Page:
ACT UP’s 25th anniversary this month has prompted reflection on ACT UP over the years. The column that follows is what I wrote in POZ on the occasion of ACT UP’s 10th anniversary, in 1997. I am proud of my work with ACT UP and believe it played an important role in my survival. But amidst the commemoration of and reflection on ACT UP’s triumphs and successes--now immortalized in film and books and other media, as well as in the memories of those involved--I hope we’ll also look deeper into the roots of the empowerment movement for people with HIV. Those roots pre-date ACT UP, with the Denver Principles, the People With AIDS Coalition and similar efforts. I also hope we’ll not overly-romanticize activism of those early years and not lose the ability to look critically at our own community’s efforts. We made mistakes, to be sure, including through ACT UP. If we’re to be responsible to our history and to the lives of so many who fought for our survival, we need to be honest and clear-eyed about what we did and did not do. Some of our greatest triumphs, like expediting the drug approval process to get drugs to people who were dying and had few or no other choices for a chance at survival, also had unintended consequences, like playing into a corporate anti-regulatory agenda that has not always turned out well for consumers of prescription products. We need to see our activism in a broad context, understanding how it affected us as well as the broader society, in order to honestly appraise and learn from those years.
We need grass-roots activism as much today as when ACT UP began
Last December, I got a call from a TV news producer. The White House had just released its so-called “National AIDS Strategy.” The produce asked, “Doesn’t this report sound like the president has embraced the goals of ACT UP?” I explained that he had done no such thing, that the document was yet another elaborate (and sadly familiar) public-relations con-a clever repackaging of existing do-little policies and lofty rhetoric.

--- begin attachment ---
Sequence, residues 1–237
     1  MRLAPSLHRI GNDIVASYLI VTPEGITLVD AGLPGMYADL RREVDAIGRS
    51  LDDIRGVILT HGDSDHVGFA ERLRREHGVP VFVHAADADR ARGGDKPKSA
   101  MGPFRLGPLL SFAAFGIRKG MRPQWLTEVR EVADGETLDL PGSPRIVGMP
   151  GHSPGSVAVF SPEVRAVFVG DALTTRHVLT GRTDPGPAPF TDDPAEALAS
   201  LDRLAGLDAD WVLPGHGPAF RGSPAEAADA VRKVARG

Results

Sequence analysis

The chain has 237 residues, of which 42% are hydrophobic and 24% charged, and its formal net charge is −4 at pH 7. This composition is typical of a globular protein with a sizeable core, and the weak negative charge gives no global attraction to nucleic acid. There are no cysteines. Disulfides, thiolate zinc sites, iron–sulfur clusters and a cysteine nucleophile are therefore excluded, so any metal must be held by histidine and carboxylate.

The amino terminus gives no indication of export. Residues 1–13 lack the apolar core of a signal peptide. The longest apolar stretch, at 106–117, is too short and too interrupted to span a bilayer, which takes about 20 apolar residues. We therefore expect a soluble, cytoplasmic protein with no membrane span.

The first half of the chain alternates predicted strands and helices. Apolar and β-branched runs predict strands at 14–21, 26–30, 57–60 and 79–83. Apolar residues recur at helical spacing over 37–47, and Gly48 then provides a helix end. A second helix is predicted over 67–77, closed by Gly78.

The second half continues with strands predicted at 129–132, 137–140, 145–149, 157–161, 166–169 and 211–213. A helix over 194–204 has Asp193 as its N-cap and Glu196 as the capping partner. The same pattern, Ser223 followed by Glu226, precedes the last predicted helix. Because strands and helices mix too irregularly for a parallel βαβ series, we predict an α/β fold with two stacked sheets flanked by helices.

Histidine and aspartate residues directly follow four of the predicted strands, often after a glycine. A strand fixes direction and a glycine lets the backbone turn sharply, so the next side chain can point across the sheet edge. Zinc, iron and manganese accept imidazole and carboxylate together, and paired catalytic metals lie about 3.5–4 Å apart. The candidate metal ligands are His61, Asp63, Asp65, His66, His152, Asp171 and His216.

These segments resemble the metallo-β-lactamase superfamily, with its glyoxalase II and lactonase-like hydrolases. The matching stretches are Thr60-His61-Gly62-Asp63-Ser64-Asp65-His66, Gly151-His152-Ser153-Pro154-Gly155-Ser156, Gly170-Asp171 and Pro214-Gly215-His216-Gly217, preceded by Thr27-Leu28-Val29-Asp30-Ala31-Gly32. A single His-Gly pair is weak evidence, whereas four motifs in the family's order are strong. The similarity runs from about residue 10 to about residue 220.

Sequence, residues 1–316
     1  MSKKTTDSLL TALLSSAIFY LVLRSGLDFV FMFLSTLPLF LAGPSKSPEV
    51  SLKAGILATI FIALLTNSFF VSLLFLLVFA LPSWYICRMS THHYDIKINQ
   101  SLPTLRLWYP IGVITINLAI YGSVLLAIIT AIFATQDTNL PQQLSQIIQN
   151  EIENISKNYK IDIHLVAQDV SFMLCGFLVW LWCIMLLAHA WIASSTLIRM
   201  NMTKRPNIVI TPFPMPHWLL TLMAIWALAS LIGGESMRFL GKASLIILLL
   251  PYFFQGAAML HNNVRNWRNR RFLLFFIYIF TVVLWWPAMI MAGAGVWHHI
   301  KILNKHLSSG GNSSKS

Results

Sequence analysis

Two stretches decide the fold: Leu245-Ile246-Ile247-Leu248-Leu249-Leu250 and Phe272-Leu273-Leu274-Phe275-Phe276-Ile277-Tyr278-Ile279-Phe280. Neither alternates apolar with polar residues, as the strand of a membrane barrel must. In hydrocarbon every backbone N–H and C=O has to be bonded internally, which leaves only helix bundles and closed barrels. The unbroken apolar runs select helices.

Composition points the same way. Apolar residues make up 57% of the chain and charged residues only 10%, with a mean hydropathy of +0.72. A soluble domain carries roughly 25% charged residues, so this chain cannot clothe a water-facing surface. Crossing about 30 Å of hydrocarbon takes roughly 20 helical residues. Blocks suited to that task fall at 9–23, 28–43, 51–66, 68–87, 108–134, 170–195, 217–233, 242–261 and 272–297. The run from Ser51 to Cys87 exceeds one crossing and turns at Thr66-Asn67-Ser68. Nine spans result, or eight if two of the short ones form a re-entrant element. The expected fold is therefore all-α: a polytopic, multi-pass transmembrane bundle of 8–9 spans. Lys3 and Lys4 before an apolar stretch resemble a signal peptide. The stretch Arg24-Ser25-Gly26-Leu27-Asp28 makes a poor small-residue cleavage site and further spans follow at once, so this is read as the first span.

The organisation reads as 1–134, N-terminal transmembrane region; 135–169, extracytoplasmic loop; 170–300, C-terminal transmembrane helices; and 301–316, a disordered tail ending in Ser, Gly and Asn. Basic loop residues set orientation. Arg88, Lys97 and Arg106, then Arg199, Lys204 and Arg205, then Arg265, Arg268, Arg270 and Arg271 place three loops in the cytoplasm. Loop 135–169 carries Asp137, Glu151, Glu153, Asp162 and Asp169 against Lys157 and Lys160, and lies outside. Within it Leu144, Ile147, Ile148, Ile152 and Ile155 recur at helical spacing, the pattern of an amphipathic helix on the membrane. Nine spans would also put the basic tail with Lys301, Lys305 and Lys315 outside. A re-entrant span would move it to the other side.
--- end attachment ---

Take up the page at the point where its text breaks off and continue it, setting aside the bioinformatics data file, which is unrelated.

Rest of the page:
But her question reminded me of how far we’ve come in the decade since ACT UP began-and how far we’ve yet to go. In June 1987, when I was arrested in front of the White House, along with 63 others demanding AIDS action, Ronald Reagan had only the night before-six years into the exploding epidemic-given his first AIDS speech. His AIDS policies were an evil brew of malign neglect and cruel stigmatization. Talk of quarantine was in the air. The FDA took forever to approve drugs. Researchers ran pitifully few-often unethical or repetitive-trials, with no community input. The few promising drugs were priced beyond greed.
These were the outrages that pushed me, and thousands of others, to join ACT UP. It was an exciting time of my life, when I became part of this surging energy of angry, creative people determined to stop the dying. What we accomplished was nothing short of amazing. Not only did we change many horrendous AIDS policies of government, science and industry, but our actions raised the whole country’s consciousness and compassion-to such an extent that now most politicians at least give lip service to our goals.
ACT UP also laid the groundwork for a new generation of community-based institutions to fight AIDS. POZ is one of those. It sprang out of my desire to simplify, popularize and broadly disseminate the huge volume of life-sustaining information-and inspiration-I had already found critical to my own survival.
So today, while the form of my activism has changed, I am as proud as ever of my ACT UP days. And my commitment to the ideals of nonviolent direct action to radically change the health care/wealth care monstrosity has only grown stronger. From the sky-high prices of drugs to the cruel slashing of social services to the genocidal tragedy of the continuing Clinton/Shalala HIV infections caused by their needle-exchange cowardice, it’s clear we need grass-roots activism as much today as when ACT UP began.
It’s not just about getting access to a drug or saving our own lives. It’s about helping this country forge a new commitment to care and compassion and, in the process, rediscover our own humanity and ability to love each other.
More than ever before, silence=death.